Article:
She has a habit of wearing her combat jacket zipped halfway down with nothing else on underneath...in Alaska! Remember, these games are aimed at teenage boys.
This sniping stage takes place just after Snake and Meryl arrive outside of one of the containment houses on the facility. Notice that the SOLITON radar system is jammed so that you can't tell where the enemy is. This happens whenever Snake is discovered by the enemy and has to run and hide to evade them. Without the radar, however, you might find yourself running right into an armed guard...who starts shooting at you;


It's a wonderfully staged battle and it's very atmospheric. You can hear the wind howling down this narrow pathway. Made me shiver, and I was playing the game in Summer! As Snake and Meryl take a first step down this corridor, a shot rings out and Meryl is hit in the arm and falls to the ground. Snake is pinned down and must head back inside the building to retrieve a PSG-1 sniper rifle so that he can engage Sniper Wolf in combat. As with all of the Boss Battles, Wolf's health meter is longer than Snake's, so you can't allow him to get hit too many times. Sniper Wolf gets away in this level and Snake comes up against her later in the game in a snow-covered field where she is dressed in white to better camouflage herself;


It's a difficult battle because as soon as you get her in your cross-hairs, she gets off a first shot at you.

This game is filled with little moments that make you laugh and that make you marvel at what games are (or were) capable of. Certainly, gaming has upped the ante since Metal Gear Solid was first released in 1998, but this game introduced many elements that other games have employed since. Some of the scenes are beautifully composed and staged and there are some genuinely creepy moments in the game, since you don't know what's going to happen next. Here we see Snake heading to a research lab where the Cyborg Ninja has already been.


I remember feeling the hair on the back of my neck stand on end as I approached this lab, not knowing what to expect.
It is in this stage that Snake meets Hal 'Otacon' Emmerich, a research scientist who offers Snake technical info throughout the remainder of the game. Otacon, as he prefers to be known, has managed to avoid capture by wearing a sneaking suit which renders him invisible to the guards. He gets his nickname from the Japanese term 'Otaku', which refers to somebody who's a huge fan of Japanese anime and/or manga.
When Snake is captured and tortured, Otacon appears outside his cell and gives Snake a bottle of tomato ketchup. When Snake asks just what the hell is he supposed to do with a bottle of ketchup, Otacon replies that it's all he could find.
I spent two frustrating weeks trying to get Snake out of that cell before I read in a gaming magazine that if Snake equips the ketchup bottle and lies down on the cell floor, the bottle breaks and the ketchup spreads like a pool of blood, giving the nearby guard the impression that Snake has killed himself. The guard unlocks the cell and enters. Snake then gets up and knocks out the guard before making his escape.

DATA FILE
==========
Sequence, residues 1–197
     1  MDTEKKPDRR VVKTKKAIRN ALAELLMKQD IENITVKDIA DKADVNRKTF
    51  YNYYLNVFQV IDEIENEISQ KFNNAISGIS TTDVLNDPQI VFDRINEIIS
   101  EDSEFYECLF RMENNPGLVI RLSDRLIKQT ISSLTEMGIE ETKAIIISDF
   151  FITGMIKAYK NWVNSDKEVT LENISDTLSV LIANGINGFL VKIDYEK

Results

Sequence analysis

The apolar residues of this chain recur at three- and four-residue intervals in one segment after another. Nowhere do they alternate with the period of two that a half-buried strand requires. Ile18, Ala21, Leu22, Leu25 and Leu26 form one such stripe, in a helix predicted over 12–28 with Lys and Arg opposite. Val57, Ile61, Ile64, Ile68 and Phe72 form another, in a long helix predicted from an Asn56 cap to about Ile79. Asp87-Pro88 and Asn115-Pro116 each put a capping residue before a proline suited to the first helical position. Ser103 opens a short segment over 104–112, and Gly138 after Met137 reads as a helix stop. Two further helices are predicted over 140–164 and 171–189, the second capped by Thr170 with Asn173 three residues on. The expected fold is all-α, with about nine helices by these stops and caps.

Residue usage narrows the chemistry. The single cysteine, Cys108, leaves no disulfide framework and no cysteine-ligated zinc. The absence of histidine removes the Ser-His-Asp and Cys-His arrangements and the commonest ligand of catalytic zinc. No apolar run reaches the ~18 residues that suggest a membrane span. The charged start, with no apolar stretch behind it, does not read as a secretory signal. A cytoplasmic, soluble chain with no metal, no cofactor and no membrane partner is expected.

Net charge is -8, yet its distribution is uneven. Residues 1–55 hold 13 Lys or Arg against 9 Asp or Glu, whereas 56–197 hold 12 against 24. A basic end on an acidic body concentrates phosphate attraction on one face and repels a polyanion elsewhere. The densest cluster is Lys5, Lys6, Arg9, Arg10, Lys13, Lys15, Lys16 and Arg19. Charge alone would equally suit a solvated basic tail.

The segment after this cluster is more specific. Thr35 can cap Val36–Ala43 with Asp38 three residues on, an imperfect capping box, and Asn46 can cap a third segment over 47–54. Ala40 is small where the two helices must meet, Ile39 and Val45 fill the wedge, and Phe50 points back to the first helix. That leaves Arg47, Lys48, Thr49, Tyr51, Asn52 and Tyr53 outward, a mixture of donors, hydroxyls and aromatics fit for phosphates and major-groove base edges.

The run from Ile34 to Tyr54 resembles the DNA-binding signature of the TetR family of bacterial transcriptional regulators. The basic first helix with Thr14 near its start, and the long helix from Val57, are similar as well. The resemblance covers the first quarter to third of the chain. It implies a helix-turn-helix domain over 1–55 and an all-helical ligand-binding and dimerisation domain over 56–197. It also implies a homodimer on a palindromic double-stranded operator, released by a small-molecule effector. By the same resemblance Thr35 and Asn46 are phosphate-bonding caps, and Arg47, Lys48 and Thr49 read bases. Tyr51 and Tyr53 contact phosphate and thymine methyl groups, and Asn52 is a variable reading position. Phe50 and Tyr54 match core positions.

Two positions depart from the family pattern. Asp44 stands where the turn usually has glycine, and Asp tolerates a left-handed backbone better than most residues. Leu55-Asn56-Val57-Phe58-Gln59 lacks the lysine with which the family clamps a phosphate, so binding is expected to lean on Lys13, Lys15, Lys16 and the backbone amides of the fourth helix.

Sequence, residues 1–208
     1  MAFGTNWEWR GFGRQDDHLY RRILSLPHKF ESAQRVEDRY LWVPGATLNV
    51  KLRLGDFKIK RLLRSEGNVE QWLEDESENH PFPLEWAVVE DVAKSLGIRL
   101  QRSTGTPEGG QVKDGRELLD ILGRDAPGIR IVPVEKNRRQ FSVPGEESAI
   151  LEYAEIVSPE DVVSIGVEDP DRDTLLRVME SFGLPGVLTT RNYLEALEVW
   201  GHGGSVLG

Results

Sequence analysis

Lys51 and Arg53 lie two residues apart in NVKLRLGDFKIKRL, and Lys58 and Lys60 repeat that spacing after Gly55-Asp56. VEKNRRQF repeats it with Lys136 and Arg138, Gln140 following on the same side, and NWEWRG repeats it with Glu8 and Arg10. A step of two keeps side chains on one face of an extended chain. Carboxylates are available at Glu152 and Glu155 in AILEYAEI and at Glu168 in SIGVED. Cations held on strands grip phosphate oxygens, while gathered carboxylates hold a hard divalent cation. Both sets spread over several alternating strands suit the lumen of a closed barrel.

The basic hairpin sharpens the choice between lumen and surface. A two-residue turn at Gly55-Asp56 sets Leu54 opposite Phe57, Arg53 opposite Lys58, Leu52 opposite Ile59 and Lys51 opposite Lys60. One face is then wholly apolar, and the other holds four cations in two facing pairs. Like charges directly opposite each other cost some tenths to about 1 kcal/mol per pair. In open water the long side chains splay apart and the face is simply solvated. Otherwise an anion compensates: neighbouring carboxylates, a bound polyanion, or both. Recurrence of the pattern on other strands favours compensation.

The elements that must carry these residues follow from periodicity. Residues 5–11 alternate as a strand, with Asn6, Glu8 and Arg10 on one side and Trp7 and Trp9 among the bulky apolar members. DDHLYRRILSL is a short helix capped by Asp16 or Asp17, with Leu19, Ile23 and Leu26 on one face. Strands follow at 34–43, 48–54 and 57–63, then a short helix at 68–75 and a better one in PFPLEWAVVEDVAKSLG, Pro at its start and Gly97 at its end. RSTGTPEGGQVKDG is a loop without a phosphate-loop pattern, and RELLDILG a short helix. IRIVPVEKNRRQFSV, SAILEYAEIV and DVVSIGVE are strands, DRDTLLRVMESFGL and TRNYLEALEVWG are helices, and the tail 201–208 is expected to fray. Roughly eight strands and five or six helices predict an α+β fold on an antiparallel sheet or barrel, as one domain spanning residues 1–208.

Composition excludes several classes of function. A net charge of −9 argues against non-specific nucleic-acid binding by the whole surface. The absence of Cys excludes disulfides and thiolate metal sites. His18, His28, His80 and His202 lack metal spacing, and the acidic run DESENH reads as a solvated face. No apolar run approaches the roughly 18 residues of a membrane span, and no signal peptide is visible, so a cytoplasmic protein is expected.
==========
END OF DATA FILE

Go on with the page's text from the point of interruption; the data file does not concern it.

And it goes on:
There's one aspect of the game that was considered silly when it was first mentioned in reviews. Snake finds a cardboard box, which he can use to hide in at times when there are guards nearby. He can crouch and sneak around while in this box.



Gamers thought it was a stupid idea. Until they played it, that is. It is one of the most nail-biting moments of the game when Snake is in the box and sitting still and a guard approaches. You expect to get discovered any second. The guard looks down at the box. A question mark appears above his head. A second later, he says; "Hmmph, it's just a box." And then he turns and walks away. At other times, he gives the box a slight kick and it disappears, revealing Snake crouched down on the ground before a volley of machine-gun fire breaks the silence and all hell breaks loose.

But it's not all fun and games. Throughout this mission, Snake is given information about nuclear deterrence, the SALT Treaty and arms proliferation that has continued to flourish since the end of The Cold War. Most gamers would tend to skip through all of this expositional dialogue because they're teenage boys, but I found it all quite interesting. I knew a little about this from my studies back in the early '80s, but it was still a kick  to be learning more about all of this from a console game, of all things.

Like all great games, just when you think it's over and you've beaten the bad guys, it ramps everything up a little and you find that Snake is still under threat. He has to go up against Metal Gear Rex, a walking battle tank which is being piloted by the main enemy of the game, Liquid Snake.